Finding a boatman that hot, steamy day was a daunting task. Usually they swarmed the banks of the river looking for customers but somehow the shore was completely empty on this occasion. So we waited and waited, humming kittens and rock & roll songs under our breath all the while wondering what this renowned sadhu would say to us, disciples of another guru. Finally a boat appeared and we piled on. The Yamuna crossing isn’t a long journey in terms of time or miles, but there is a breath of transcendence and peace that seems to hover over the surface of the waters. Crossing the river, and even more so, bathing in it, are deeply transformative events, as Yamuna Devi blesses each and every one who takes the time to ask for Her grace. So as I disembarked on the other shore I had already entered into a kind of altered state. The pastel colors were sharper, the sand felt softer on my bare feet, the wind was so gentle in my long hippy hair… A short walk brought us up to a bamboo gate and a few sadhus lounging in the mid day sun. They asked us who we were and where we had come from, told us to wait and disappeared inside the ‘ashram.’ Time slowed. Silence descended. I could clearly here the beating of my heart and the internal repetition of my mantra. Suddenly the sadhus came running back, yelling at us: “Come, come, Baba wants to see you NOW!” We were ushered across a stretch of sand to a rather strange sight. There, crouched on a rickety old platform, propped up on stilts of sticks and branches, about ten or fifteen feet in the air, was a very old man, Father Time himself, his hand raised up in blessing. “You come from Baba Neem Karoli? Ashirbad, Ashirbad, Ashirbad (blessings, blessings, blessings). Om Namo Bhagavate Vasudevaya!!!!! Ashirbad, Ashirbad.” He had us repeat that ancient mantra to Lord Vishnu over and over again, while his disciples piled fruits and sweets on us which I put in the front shirttails of my long handloomed ‘kurta.’ The atmosphere became completely other-worldly. I couldn’t feel my legs, my feet, my body. Chanting “Om Namo Bhagavate Vasudevaya” the ground beneath me seemed to float, as this strange old man completely readjusted my molecules. Waves of energy streamed from his open hand. Then, just as suddenly, he said “Jao!”, GO, just like Maharajji used to do, like an Indian would speak to the neighborhood dog begging at the lunch table for scraps. I stood up, lost my balance, dropped all of my fruits and sweets, stooped to pick them up, dropped them again and noticed a very funny twinkle in Deoria Baba’s eyes. How familiar he looked. And then he was gone, disappearing into the dark recesses of his space-ship-esque bamboo hut.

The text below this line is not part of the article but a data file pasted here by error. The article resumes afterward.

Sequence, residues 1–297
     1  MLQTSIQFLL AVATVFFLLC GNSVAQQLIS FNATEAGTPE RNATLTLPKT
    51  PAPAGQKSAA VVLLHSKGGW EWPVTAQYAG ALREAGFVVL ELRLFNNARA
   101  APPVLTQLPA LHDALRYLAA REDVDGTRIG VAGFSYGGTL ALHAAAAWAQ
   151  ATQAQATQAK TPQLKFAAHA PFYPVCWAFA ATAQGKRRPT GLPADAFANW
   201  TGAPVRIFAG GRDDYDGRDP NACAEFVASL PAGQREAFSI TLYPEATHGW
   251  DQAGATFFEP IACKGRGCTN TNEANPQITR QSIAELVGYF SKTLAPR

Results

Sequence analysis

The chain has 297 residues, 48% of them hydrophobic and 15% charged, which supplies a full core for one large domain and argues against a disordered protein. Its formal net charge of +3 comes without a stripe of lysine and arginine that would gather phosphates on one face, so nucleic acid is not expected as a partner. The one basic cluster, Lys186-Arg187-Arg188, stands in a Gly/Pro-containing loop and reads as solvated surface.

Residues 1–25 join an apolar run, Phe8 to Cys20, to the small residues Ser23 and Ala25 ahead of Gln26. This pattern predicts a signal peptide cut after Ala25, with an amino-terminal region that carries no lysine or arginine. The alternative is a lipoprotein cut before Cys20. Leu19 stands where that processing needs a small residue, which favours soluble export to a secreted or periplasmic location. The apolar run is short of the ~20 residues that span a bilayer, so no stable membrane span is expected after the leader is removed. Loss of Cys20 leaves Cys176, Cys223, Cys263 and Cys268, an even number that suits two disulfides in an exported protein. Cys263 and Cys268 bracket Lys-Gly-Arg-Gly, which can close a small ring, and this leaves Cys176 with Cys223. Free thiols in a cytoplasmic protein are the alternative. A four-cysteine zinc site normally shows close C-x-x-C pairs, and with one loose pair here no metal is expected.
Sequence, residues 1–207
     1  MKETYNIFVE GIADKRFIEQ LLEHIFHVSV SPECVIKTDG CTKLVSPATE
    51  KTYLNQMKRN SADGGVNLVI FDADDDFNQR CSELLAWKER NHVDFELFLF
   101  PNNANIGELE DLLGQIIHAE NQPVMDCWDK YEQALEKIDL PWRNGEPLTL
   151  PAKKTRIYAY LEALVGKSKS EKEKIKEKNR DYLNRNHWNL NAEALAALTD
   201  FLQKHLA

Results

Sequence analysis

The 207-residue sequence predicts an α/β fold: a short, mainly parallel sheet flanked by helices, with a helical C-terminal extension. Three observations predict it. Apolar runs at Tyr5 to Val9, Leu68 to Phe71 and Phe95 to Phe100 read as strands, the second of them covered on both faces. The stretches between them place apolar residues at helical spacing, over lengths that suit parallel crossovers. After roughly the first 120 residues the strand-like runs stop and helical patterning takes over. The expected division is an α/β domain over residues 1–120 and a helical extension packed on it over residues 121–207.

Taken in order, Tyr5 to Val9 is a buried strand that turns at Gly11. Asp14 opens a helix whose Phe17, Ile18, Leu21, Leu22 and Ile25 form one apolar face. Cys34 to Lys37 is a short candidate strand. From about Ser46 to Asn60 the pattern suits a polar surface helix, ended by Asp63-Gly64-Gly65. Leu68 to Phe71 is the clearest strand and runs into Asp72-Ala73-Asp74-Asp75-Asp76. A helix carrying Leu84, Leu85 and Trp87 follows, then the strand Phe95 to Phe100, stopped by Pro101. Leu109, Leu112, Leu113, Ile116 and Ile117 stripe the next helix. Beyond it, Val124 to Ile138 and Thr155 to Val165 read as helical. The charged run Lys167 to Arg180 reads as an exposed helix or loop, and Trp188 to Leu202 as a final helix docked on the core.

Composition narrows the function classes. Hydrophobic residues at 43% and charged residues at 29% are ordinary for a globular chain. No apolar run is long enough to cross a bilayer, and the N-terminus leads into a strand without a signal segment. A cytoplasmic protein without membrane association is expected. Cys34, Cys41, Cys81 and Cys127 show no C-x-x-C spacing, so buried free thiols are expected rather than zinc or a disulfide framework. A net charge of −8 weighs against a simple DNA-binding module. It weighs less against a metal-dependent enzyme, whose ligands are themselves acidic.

So that’s the story of the Baba in the stilt house. Not much of a story, really. But when I reflect on the blessings that I’ve received over my life I can’t help but feel amazed and grateful. What did I do to deserve the ‘ashirbad’ of a prehistoric God-man? Not much! But still those blessings came. And I believe that they’re still coming. As long as I can stay just slightly open, just slightly quiet for a few teensy little moments, God’s ever-present grace can always be felt…
PS. This is an excerpt from “By His Grace”. By Dada Mukherji, a long term devotee of Neem Karoli Baba.
“Deoria Baba, himself a great saint, comes to Allahabad every year during the Magh Mela or the Kumbha Mela. A few years back he was here and some of his devotees who are well-known to us came to our house for satsang. They said that the night before they had been sitting around Deoria on the sand and someone came who said that he used to go to Neem Karoli Baba, but he is not there anymore, so he cannot go. Deoria Baba actually shouted at him, “WHAT ARE YOU SAYING? CAN SUCH A SAINT GO ANYWHERE? HE HAS DONE SUCH TRICKS MANY TIMES BEFORE! HE IS ALIVE, AND HE ALWAYS WILL BE ALIVE!”